Just when you thought you had found the biggest jolt you could get from a beverage in espresso, along comes guarana. If carbonated energy boosters don’t do much for you, try one of the new coffee-flavored drinks made from the berries of this herb. But be cautious: Guarana is substantially stronger than caffeine and is associated with serious adverse effects that range from sleeplessness to seizures.


Guarana, or Paullinia cupana, is native to South America.This vining shrub sports large divided leaves and clusters of yellow flowers that produce brownish-red berries, each of which holds a single seed about the size of a coffee bean.1 These seeds contain guaranine, a substance so chemically similar to caffeine that the terms have been used interchangeably.2

After the seeds are harvested and washed, they are roasted for six hours. Once dry, they are lightly crushed to remove the outer shell, pounded into a fine powder, and combined with water to make a dough that is allowed to harden for shipping. Also known as Brazilian cocoa or guarana bread, this hardened dough is typically grated, dissolved in hot water with sugar, and consumed as a drink.3

The amount of guaranine in this beverage is much greater than the amount of caffeine in coffee beans.4 A cup of coffee contains, at most, 130 mg of caffeine. A cup of some of the stronger guarana-based syrups made from dissolved bricks contains as much as 350 mg of caffeine.1

In the United States, the caffeine content must be listed on the labels of products to which caffeine has been added, but no similar regulation applies to products like guarana where caffeine or guaranine occurs naturally.


The most obvious use for guarana is as a stimulant. Research has verified a predictable level of cognitive enhancement with modest consumption, as it has with caffeine and other stimulants.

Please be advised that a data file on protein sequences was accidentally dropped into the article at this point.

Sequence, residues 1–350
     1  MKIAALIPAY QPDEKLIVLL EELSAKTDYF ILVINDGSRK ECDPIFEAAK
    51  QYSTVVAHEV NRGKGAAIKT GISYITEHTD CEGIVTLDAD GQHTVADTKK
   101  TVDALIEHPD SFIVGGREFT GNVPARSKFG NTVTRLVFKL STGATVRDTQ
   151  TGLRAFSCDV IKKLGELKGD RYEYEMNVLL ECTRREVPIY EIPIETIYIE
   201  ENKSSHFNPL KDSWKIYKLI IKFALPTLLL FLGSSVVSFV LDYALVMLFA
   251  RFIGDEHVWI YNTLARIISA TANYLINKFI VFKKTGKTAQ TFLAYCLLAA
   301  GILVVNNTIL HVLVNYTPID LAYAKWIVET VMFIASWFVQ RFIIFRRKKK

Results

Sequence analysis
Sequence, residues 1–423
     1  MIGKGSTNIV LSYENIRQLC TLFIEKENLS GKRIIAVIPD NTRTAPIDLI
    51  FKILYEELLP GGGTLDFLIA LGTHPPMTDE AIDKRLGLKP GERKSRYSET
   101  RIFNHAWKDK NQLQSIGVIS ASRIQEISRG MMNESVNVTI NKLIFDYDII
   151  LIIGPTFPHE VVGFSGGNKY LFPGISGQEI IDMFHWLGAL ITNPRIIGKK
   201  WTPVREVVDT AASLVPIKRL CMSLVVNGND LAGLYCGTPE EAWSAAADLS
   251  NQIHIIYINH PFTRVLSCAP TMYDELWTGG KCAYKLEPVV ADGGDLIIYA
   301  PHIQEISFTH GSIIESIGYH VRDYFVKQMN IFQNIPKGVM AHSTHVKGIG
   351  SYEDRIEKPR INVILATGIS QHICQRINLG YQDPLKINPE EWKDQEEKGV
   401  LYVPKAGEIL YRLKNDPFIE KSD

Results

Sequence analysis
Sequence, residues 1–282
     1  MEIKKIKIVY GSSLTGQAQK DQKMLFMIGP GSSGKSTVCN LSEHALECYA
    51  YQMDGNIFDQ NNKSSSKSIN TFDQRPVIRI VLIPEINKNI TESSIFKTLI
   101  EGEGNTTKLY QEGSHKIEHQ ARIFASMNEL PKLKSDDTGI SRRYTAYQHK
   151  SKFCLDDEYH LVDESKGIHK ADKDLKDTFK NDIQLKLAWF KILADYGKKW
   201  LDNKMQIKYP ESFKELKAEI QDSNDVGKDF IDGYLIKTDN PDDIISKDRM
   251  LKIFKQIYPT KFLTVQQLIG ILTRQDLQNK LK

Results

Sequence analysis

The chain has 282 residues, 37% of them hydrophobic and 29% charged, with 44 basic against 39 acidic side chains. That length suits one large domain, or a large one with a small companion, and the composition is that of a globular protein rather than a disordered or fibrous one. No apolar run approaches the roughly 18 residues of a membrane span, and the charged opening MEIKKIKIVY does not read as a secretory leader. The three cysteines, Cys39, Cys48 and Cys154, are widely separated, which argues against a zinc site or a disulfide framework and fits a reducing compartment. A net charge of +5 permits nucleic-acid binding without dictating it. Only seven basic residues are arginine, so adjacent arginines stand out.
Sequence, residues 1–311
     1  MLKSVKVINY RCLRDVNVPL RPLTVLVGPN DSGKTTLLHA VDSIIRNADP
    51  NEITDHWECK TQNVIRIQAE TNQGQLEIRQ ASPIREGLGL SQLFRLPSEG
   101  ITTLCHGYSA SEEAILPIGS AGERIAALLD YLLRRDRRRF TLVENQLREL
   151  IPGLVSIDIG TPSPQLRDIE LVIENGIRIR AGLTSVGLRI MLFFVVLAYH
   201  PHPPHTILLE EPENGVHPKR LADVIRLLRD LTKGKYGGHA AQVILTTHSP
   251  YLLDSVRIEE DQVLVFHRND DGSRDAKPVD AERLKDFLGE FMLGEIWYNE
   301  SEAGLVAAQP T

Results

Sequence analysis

A British study concluded that lower doses of guarana improved memory, mood, and alertness. The Northumbria University team of scientists used a computerized test battery to monitor human responses to four dose levels (37.5 mg, 75 mg, 150 mg, and 300 mg) vs. placebo. They found that the two lowest doses produced more positive cognitive effects than the higher doses.4

Similar test results were reported when a research team at Universidade Federal da Paraíba in Brazil applied the same protocol to mice and rats. The animals were given graduated doses of guarana concentrate and
tested for physical endurance and memory in a maze. Lower doses produced positive effects while higher doses yielded early signs of caffeine-related toxicity.5

Like many high-caffeine products, guarana beverages have been touted for promoting weight loss. Another Brazilian study verified that guarana supplementation increased fat metabolism in rats, but it also confirmed the effect was due solely to the plant’s caffeine content.6

In the future, guarana may be used as a natural food preservative. Seed extracts have demonstrated strong antimicrobial and antioxidant properties against food-borne fungi and health-damaging bacteria.7